Like so many other things (maybe even everything), this issue boils down to whether we are operating from love or from fear. Without the framework of tradition, life can be scary. We are afraid to make the wrong choice without the guidelines of our habits and traditions. Tradition tells us what to do and how to be; there are no unknowns, no questions, but there is also no growth. When we move away from tradition, we have to look within to decide what is right for us, which again can be scary. But deep down we each have an inner guide, which is made of pure love. Tradition can be good, it is comforting and familiar. We all need a little comfort from time to time. Ultimately though, the only constant is change. Instead of blindly following tradition, we can instead live consciously and intentionally, taking life moment by moment, making choices based on love and not fear or habit. By embracing the new and exploring the different, we might find that we are ready to shed some old traditions and embrace new ones, or even take a leap into the unknown, without the safety net of tradition.


Entitlement vs. Selfless Service

Bhagavad Gita Ch 2 Vs 47: The human right is for activity only, never for the resultant fruit of actions. Do not consider thyself the creator of the fruits of thy activities; neither allow thyself attachment to inactivity.

I recently began teaching a class for a non-profit yoga group. The unfortunate truth is that yoga is quite expensive, which prevents a lot of people from trying it. Yoga was meant to be shared freely, as a service to others, and as a way to achieve enlightenment. Of course, for those of us who choose to make a career of it, then we do have to make some money to pay our bills. I believe it is possible to balance the need to make enough money with the greed to make more money. I took on the aforementioned class mainly as karma yoga. I do get a small portion of the proceeds from teaching. But for the most part I am teaching this class to bring more yoga to those who can’t afford it, who are often the ones who need it the most. The class is held at a community rec center. Students pay at most $8 per class, less if they buy a package, and the group has an unwritten policy not to turn down anyone who cannot pay. It is definitely a group that embraces karma yoga.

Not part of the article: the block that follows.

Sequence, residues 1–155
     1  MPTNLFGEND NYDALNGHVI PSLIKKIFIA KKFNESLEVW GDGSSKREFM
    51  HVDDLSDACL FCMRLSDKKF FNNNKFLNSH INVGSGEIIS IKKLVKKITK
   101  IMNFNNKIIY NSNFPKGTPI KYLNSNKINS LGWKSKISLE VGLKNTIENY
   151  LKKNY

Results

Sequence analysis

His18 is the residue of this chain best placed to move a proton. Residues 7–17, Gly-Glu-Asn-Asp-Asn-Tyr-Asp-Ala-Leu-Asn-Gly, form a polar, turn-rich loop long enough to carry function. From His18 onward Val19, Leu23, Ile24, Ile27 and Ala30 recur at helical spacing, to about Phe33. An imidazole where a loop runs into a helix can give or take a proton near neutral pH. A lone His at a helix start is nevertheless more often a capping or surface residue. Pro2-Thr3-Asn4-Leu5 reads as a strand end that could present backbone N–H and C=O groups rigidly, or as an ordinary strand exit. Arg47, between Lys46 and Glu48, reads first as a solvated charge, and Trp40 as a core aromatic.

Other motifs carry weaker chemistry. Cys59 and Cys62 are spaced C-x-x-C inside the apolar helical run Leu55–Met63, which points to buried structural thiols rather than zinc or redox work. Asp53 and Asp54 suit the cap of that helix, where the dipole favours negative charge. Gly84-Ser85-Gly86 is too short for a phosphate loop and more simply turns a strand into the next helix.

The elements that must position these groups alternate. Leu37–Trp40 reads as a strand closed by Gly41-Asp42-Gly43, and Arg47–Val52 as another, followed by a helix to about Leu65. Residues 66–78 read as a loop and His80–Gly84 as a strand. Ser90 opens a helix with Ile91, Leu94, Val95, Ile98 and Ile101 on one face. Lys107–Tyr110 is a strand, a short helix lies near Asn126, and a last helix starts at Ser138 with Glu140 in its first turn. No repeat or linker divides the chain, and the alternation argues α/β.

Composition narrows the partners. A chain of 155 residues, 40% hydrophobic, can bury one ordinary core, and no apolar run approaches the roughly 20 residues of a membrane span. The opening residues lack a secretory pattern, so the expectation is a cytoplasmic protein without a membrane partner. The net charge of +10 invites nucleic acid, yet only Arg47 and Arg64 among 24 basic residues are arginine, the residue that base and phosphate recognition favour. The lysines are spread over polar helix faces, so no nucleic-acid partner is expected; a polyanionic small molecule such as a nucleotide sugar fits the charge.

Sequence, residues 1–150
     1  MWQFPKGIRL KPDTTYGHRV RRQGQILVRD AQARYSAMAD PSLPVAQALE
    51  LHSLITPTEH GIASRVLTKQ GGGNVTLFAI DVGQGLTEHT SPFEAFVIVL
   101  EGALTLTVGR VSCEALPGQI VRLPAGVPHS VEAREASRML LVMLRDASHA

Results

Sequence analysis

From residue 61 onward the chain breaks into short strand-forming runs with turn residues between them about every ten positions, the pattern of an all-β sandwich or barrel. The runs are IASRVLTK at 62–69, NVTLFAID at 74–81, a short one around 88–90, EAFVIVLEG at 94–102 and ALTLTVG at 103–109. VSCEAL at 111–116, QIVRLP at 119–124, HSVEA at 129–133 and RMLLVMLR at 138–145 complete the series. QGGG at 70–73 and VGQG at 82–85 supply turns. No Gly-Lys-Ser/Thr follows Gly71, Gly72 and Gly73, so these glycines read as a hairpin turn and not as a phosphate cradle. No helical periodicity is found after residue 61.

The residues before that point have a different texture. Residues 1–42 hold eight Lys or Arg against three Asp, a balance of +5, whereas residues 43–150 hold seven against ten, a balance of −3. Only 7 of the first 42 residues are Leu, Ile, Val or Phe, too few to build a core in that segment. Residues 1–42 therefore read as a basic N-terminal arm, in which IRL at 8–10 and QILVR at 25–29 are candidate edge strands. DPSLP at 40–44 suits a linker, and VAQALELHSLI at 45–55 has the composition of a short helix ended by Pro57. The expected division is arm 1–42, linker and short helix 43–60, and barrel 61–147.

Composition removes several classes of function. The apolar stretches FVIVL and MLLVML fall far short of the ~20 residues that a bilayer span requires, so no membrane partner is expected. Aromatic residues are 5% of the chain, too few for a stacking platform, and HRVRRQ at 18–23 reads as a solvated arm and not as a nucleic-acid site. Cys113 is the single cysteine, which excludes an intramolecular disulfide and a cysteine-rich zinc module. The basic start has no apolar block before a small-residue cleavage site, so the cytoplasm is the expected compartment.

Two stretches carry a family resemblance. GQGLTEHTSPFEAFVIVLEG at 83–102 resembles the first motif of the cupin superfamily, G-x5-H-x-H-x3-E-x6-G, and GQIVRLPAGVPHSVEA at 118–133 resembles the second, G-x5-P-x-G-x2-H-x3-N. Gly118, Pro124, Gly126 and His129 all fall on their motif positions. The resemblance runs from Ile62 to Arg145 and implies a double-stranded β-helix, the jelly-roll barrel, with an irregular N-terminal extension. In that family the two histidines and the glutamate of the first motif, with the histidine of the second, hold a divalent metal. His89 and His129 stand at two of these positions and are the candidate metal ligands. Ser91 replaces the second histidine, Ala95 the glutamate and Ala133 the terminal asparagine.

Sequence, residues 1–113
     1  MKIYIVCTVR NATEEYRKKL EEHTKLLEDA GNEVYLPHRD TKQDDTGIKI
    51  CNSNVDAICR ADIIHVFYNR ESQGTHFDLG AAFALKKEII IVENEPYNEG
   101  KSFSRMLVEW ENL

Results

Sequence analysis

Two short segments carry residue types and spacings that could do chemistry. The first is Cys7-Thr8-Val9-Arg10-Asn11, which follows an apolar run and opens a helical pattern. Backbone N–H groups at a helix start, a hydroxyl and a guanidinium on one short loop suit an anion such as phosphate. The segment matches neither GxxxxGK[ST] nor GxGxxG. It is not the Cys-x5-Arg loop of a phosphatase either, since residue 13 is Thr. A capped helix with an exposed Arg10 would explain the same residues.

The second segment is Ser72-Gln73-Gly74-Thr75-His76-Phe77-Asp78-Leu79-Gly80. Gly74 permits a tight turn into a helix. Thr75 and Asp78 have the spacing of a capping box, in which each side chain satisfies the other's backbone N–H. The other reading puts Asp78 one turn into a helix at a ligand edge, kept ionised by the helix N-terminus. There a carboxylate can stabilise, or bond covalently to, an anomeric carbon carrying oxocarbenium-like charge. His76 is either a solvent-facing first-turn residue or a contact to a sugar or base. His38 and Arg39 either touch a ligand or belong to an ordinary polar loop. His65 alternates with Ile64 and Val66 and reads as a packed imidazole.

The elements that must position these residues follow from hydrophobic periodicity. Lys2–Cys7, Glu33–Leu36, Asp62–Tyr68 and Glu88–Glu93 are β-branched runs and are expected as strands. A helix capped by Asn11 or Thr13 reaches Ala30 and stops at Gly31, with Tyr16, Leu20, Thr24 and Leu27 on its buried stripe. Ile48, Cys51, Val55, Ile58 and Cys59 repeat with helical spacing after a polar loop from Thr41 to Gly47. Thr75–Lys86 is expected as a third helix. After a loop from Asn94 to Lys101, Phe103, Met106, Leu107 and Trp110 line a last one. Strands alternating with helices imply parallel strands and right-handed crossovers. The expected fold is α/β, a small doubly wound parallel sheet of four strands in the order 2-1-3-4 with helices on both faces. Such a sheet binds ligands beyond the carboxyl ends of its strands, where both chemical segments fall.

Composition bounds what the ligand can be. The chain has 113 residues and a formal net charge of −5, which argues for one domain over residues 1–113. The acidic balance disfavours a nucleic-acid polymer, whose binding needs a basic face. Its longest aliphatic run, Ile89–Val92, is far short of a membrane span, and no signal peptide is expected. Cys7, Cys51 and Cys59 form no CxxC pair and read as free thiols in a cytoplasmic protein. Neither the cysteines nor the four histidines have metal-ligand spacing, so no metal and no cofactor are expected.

The day after I taught my first class, I received an email from another student of mine who comes to a class at another location. Her sister, who I will call “Patty,” had recently finished an addiction recovery program and is now working and trying to get her life in order. My student asked me if I knew of any affordable yoga in the area because she felt that Patty could really benefit from it. I love when I see the Universe at work, and I instantly knew that this was one reason I had been called to teach the class at the rec center. So I passed on the information and Patty came to my class the next week. And the next, and this time she brought her roommate too, who is also in recovery. On this particular day, I was tired and did not really feel like teaching that evening. But I had made a commitment and I knew that I was needed for some purpose, so I meditated in the park prior to class and went in with an open mind and full heart. I set my intention to serve others and not think about what I would get in return.

The class went by smoothly. I had only four students so I was able to give lots of individual attention. Patty requested that I repeat a guided meditation that I had read to the class the week prior, so we did some chakra clearing work during savasana. I always close my classes by chanting one “OM” and I invite the students to either listen or join in. I am not a great singer or chanter, but I do my best. On this day, I don’t know where the sound came from for that OM, but it did not feel like it came out of me. I truly became the silent observer, the witness to the power of Source energy. The noise came from my mouth but I felt I had no control over it. This was not a bad feeling, it felt like the sensation of someone that I trust taking care of something for me. I could feel the vibration of love resonate through my entire body. I became peaceful, calm, and happy in an instant. It was a beautiful and amazing experience. I have taught several classes since then at other studios and gyms, and I always close with an OM. However the experience has not been as moving as it was that day.